Reference code(s): GB 0074 CLC/L/MD
Held at: London Metropolitan Archives
Title: WORSHIPFUL COMPANY OF MERCHANT TAYLORS
Date(s): 1300? - 2002
Level of description: Collection
Extent: 1480 production units
Name of creator(s): Worshipful Company of Merchant Taylors
The Merchant Taylors' Company, originally the 'Fraternity of St John the Baptist...called the Tailors and Linen Armourers of London', is one of the 'Great Twelve' livery companies of the City of London. The tailors received their first royal charter in 1327, and their charter of incorporation in 1408. The Company has been known as the Merchant Taylors since a charter of Henry VII of 6 January 1503. The Company is believed to have lost all direct contact with its trade during the 17th century. The Company's Hall has occupied the same site in Threadneedle Street since at least the 1340s.
The Company appears always to have had a large membership, and the membership records are extensive. There was also within the Company from at least the early 15th century until the late 17th century a separate, but dependent organisation for the Company's freemen (also known as 'yeomen') who had not achieved livery status. This was known from 1488 as the 'Bachelors' Company'. For a surviving minute and memorandum book of the 'Bachelors' Company' see Ms 34020. Membership of the 'Bachelors' Company was automatic for freemen of the main Company, so there were never any separate membership records.
Over the years the Company acquired extensive landed estates, either for charitable purposes (Trust property) or in its own right (Corporate property). The Company established Merchant Taylors' School from its own funds in 1561, for 'bringing up of children in good manners and literature'. It was always for boys only. Richard Hilles, the Master of the Company in that year, gave £500 towards the new school, but was not its founder. The Company has continued to govern the school up to the present day. Until the mid 20th century, there was a specially close relationship between the school and St John's College, Oxford, founded in 1567 by Sir Thomas White, Master of the Merchant Taylors' Company in 1535-6 and Lord Mayor in 1553-4. In particular, there were a number of closed scholarships from the school to the college. The President and Fellows of the college would normally travel to the school on 11 June (St Barnabas' Day) each year to elect suitable candidates. The school's first premises were in Suffolk Lane, in the parish of St Lawrence Pountney, where the Company purchased the Manor of the Rose. The staff in the early years comprised a schoolmaster and three ushers. The first buildings were destroyed in the Great Fire and rebuilt. In 1874 the school moved to Charterhouse Square, to the former buildings of Charterhouse School, which had recently moved to Godalming. In 1933 it moved again, to Sandy Lodge, Northwood, Middlesex. Because the school was funded by the Company entirely from its own resources, it was excluded from the '17th Report' (1827) of the Charity Commissioners which covers the Company's charities.
In 1413 the Company built seven almshouses for decayed tailors and their wives, believed to be the earliest such foundation in London. These almshouses stood in Threadneedle Street, on the west side of the church of St Martin Outwich, and were financed by charitable grants from John Churchman and the Bishop of Norwich. They appear to have escaped the Great Fire, but to have been discontinued by the Company soon after. In 1593 the Company also built almshouses for fourteen women on Tower Hill, on the north side of Rosemary Lane (now Royal Mint Street). The number of places was increased in 1637 to 26, and in 1767 the almshouses were rebuilt. In 1825 they moved to Lee in Kent, to a site then immediately north of Christopher Boone's almshouses, where they continue. The number of places was again increased, to 30. These almshouses were always funded from Corporate income, and should not be confused with Christopher Boone's almshouses, founded at Lee in the late 17th century and for which the Company acted as a trustee. In 1876 the Company in its corporate capacity purchased the redundant 17th century buildings of Boone's almshouses, which had recently moved to new buildings on a new site in Lee. The redundant buildings were then demolished, and the site added to the garden of the Company's almshouses, with the exception of the former chapel of Boone's almshouses, which was preserved in the south east corner of the garden of the Company's almshouses. In 1928 the Company's almshouses were opened to men as well as women. Confusingly, it seems always to have been possible for residents of the almshouses to also receive, on an individual basis, other Company pensions to which no accommodation was ever attached: see Mss 34162-4. For surviving lists of residents see Ms 34159 (1826-47); Mss 34162-3 (1829-1960). Other names may be discoverable from general series such as the Court minutes. The lists of Company almsmen and almswomen 1622-5 in Mss 34018/1 may also include the names of residents of the almshouses. Note that Mss 34100 and 34101, the two series of miscellaneous documents, contain further documents about the almshouses in Rosemary Lane and at Lee: see Ms 34100/147 (no.10), 151, 160-1, 163 and Ms 34101/29 (bundle 298). For plans of the almshouses in Rosemary Lane and at Lee see Ms 34214/2, 19. Further plans may be in the plan books (Mss 34216-23).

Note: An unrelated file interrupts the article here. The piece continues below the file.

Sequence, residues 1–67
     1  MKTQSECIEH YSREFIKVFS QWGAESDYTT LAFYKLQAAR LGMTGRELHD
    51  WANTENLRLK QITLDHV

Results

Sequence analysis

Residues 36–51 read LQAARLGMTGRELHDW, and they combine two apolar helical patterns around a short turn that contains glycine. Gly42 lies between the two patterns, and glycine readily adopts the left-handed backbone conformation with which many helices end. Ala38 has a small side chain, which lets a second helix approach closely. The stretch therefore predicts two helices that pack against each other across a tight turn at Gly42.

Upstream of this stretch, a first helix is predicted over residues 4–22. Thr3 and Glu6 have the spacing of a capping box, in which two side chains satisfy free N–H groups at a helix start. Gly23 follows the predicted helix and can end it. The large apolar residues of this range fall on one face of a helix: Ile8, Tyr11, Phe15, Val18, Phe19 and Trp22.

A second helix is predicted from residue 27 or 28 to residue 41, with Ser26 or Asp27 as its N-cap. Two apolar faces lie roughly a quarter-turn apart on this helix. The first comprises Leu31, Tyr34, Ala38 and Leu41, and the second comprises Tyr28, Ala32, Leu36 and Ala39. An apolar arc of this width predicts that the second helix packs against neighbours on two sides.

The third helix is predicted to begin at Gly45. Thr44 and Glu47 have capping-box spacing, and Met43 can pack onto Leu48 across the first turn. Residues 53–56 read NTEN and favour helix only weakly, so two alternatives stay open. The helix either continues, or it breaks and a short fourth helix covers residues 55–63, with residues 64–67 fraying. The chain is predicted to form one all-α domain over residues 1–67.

Scope and content/abstract:
Records of the Worshipful Company of Merchant Taylors, 1300? - 2002. IMPORTANT INFORMATION REGARDING ACCESS: These records are stored at the Guildhall Library site rather than the LMA Clerkenwell site. Researchers wishing to access these records should do so at the Guildhall Library Rare Books table. The Library is open Monday to Saturday, 9:30 to 16:45. Researchers will need to have an Archives History Card or a Library Readers Card. An archivist will be available at Guildhall Library on Thursday mornings to answer any queries.